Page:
Susan B. Anthony was a women’s suffrage leader who rose to prominence after being arrested for voting in her hometown of Rochester, N.Y., in 1872.
Anthony, who was already active in the anti-slavery movement, became a leader in women’s rights in 1854. In 1869, she co-founded the National Woman Suffrage Association.
Within a few years, she was convicted and fined for violating the laws permitting only men to vote. Anthony’s widely publicized trial, however, effectively brought national attention to the suffrage movement.
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Although she was fined for her crime, she refused to pay and authorities declined to take further action.
Anthony was best known for being the “most visible” leader in the suffrage movement to secure voting rights for women.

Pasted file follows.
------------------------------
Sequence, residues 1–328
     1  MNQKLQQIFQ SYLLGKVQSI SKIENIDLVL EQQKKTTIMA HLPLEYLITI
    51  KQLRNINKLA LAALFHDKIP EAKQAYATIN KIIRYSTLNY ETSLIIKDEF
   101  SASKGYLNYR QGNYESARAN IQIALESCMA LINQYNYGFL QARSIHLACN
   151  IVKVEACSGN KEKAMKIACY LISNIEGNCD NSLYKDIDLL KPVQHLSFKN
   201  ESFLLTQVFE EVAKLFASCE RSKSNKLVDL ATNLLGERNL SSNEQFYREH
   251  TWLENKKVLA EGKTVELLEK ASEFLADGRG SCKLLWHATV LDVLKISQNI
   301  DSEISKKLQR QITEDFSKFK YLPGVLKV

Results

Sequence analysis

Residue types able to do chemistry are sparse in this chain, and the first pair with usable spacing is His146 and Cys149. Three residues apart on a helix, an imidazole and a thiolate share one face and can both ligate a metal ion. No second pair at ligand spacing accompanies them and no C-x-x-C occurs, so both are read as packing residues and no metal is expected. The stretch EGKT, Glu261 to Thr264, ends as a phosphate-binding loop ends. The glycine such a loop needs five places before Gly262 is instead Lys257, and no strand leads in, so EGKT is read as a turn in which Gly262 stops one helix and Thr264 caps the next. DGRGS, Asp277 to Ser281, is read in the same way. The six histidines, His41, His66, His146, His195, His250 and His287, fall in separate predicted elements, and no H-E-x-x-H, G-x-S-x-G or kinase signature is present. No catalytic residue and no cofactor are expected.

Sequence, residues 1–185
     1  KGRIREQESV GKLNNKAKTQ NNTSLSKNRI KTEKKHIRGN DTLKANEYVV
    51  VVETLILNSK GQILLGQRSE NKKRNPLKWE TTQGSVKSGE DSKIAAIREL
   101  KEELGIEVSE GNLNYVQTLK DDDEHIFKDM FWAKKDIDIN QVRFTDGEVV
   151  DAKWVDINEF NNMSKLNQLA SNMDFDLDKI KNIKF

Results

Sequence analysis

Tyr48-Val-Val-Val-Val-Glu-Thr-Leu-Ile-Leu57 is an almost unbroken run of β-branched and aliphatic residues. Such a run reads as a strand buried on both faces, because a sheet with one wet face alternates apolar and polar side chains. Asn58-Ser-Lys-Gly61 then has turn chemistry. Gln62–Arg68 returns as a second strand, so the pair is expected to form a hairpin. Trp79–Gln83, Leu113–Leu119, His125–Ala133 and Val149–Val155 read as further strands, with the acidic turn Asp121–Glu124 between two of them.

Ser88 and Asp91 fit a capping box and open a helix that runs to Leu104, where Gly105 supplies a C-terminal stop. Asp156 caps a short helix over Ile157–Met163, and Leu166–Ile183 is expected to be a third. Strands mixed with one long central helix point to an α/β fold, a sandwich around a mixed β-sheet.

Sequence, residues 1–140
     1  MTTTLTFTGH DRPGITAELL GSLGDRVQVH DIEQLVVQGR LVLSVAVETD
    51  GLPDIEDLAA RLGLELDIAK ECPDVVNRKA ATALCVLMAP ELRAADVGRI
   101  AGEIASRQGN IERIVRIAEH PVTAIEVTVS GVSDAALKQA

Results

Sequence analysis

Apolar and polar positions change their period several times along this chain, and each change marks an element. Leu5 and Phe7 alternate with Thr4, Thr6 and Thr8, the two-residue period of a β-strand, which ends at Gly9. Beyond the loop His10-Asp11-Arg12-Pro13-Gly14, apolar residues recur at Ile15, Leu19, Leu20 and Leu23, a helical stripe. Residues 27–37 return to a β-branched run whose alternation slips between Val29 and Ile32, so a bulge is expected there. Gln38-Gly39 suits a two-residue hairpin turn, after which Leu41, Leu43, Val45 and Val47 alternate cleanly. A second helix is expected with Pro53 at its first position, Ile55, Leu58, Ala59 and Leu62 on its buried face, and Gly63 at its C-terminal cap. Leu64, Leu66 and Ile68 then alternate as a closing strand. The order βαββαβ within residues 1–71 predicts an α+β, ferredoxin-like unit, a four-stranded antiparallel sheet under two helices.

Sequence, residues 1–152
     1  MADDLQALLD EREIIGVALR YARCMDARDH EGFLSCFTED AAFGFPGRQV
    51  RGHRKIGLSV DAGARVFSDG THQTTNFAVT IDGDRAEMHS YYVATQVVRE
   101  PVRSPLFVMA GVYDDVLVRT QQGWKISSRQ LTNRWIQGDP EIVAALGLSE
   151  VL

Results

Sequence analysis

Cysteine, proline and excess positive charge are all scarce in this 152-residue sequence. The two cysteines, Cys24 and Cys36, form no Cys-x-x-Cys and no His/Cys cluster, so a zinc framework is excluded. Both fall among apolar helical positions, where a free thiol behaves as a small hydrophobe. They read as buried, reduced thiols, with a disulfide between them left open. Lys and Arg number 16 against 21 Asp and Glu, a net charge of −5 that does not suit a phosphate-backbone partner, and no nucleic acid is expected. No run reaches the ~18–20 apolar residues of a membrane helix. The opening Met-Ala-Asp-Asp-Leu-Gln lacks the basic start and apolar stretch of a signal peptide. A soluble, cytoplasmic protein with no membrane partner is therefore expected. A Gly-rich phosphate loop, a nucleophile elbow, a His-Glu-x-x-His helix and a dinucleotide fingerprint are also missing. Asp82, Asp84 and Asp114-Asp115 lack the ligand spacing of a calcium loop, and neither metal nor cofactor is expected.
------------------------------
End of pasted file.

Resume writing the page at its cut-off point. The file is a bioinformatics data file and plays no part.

Today, she is recognized as a champion of temperance, abolition, the rights of labor and equal pay for equal work, according to the Women’s National History Museum.
Anthony, born in Adams, Mass., in the early 1800s, was raised as a Quaker alongside her seven brothers and sisters, who also became activists for justice as well as the emancipation of slaves.
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Growing up, Anthony was inspired by the Quaker belief that everyone was created equal under God. It was a belief that carried her through her life’s work, according to the Women’s National History Museum.
Anthony died in 1906, roughly 14 years before women were given the right to vote.
However, her efforts paid off. In 1920, the 19th Amendment, or the measure that ensured women the right to vote, was passed.
On Aug. 18, 2020, President Trump announced that he will give a posthumous pardon to Anthony, marking 100 years after the 1920 ratification of the 19th Amendment.
The Associated Press contributed to this report.
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